MnDOT boss has high hopes for the state's transportation system
WILLMAR -- Five months after being named commissioner of an agency that had little public confidence and a collapsed bridge in the Mississippi River, Tom Sorel said Thursday in Willmar that he has a "lot of hope" for the future of Minnesota's tra...
WILLMAR -- Five months after being named commissioner of an agency that had little public confidence and a collapsed bridge in the Mississippi River, Tom Sorel said Thursday in Willmar that he has a "lot of hope" for the future of Minnesota's transportation system.
Part of that hope is built on the "spirit of transportation" and community involvement that is "unparalleled" in other states, said Sorel during a presentation before the policy committee of the Willmar Lakes Area Chamber of Commerce.
Sorel has taken a vow to restore public trust and confidence in the Minnesota Department of Transportation by operating the department with transparency and honesty when it comes to determining transportation needs and what it will take to fix them.
Harris Duininck, a major road contractor who had expressed frustration with past inaction for transportation funding, said Sorel's appointment to MnDOT was a "new day for transportation."
"We're going to be all about transparency and being open and honest," Sorel said. MnDOT's days of getting by with a "trust me" attitude are long gone.
A new task force mandated by the Legislature that will "pull it (MnDOT) apart" to help it run better is expected to be up and running by the end of September.
Sorel said he intends to take innovation to a "heightened level" when it comes to technical advancements in road building methods and materials that will help improve safety on the roads. Being sensitive to community values and input will also play a part in how the total transportation package is addressed in the state.
He said there are also innovative ways to look at how roads are financed. He said the private sector is waiting to get involved with financing infrastructure, which does not necessarily mean tolls.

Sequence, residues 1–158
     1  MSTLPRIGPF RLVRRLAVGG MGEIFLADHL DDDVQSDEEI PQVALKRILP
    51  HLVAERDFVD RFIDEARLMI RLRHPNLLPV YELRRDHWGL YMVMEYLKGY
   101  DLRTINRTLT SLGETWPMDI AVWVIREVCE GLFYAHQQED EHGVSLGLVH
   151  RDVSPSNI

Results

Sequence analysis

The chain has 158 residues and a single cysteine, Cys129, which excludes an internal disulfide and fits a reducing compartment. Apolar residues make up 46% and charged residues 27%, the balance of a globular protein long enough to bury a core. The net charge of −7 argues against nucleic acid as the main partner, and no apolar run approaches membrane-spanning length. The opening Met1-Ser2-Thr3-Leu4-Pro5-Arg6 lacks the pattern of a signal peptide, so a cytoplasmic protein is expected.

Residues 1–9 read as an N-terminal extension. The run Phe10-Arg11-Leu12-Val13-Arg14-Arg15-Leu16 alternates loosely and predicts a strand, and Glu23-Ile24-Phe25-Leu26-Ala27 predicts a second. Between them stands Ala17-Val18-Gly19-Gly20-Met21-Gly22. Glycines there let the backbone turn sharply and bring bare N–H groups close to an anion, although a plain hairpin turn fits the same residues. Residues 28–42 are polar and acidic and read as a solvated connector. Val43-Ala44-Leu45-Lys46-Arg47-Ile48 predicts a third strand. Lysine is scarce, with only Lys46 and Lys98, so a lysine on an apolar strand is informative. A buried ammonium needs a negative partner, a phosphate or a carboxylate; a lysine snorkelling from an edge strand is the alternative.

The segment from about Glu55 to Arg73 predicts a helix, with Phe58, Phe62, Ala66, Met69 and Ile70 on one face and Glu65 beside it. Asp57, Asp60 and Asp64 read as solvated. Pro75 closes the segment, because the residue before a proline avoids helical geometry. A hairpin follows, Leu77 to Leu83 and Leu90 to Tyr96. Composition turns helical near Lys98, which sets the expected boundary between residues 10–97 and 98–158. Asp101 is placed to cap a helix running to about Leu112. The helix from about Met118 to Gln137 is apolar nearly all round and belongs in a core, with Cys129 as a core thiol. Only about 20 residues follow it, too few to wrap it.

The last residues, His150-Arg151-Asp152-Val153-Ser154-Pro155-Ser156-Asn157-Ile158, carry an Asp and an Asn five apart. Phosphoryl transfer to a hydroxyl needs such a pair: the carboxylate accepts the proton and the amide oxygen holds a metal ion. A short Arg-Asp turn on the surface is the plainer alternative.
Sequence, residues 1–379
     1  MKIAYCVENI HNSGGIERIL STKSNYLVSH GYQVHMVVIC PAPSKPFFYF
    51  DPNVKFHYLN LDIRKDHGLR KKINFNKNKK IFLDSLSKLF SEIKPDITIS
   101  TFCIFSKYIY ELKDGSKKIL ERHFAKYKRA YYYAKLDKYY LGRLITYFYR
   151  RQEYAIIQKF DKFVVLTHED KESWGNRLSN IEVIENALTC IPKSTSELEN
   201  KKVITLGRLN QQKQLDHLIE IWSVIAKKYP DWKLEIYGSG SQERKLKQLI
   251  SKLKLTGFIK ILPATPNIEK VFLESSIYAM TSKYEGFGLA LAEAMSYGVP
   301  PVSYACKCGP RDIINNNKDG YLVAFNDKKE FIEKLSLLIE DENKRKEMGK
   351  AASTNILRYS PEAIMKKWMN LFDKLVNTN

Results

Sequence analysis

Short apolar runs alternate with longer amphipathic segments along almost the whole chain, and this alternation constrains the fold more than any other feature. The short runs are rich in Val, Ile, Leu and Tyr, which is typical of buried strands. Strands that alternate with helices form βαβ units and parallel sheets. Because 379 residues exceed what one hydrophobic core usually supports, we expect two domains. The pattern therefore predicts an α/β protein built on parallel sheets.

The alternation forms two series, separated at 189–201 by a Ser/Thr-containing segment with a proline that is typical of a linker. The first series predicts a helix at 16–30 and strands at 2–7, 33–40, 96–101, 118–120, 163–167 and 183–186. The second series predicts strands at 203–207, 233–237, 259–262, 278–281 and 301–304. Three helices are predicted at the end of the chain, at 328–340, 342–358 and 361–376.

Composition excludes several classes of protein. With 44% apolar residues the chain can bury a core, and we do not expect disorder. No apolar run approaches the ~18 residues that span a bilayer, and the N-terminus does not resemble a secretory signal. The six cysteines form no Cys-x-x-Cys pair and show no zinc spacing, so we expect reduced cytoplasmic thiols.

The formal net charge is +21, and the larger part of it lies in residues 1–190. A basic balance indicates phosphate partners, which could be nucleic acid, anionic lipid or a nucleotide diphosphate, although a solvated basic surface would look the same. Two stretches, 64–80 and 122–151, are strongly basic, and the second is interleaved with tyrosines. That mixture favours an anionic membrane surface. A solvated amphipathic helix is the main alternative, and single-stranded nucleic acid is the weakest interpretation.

Sorel said if he does his job as being an advocate for MnDOT's programs and employees, and if the "right solutions" for the "right problems" are tackled, then "good things will happen."
One of the problems that has been identified is the increased accident rate on state highways that feature repeated transitions from four lanes to two lanes, like state Highway 23.
Shifting lane numbers can be "confusing" to drivers and results in higher-than-average accident counts, including fatalities, said Bernard Arseneau, director of MnDOT's policy, safety and strategic initiative division.
Arseneau said studies will be conducted and new safeguards put in place that will enhance safety. Safeguards, include rumble strips, extra striping and attention-getting signs on roads and additional lighting at intersections, are expected to be put in place next summer.
Implementing safety enhancements now will give MnDOT time to look at long-term solutions to problem areas, Sorel said.
Bridges have been a focus of MnDOT in the last year, which Sorel said was the right thing to do. The state's bridges are "pretty darn safe" now, he said.
After hearing from people during outreach meetings throughout the state, including one earlier this year in Willmar, he said that focus will be shifting to a more "balanced" look at the transportation system, including transit, air and rail travel.
Sorel said the state's "tremendous appetite" for a good transportation system, and the presence of community partners and good MnDOT employees,make him "very excited about our future."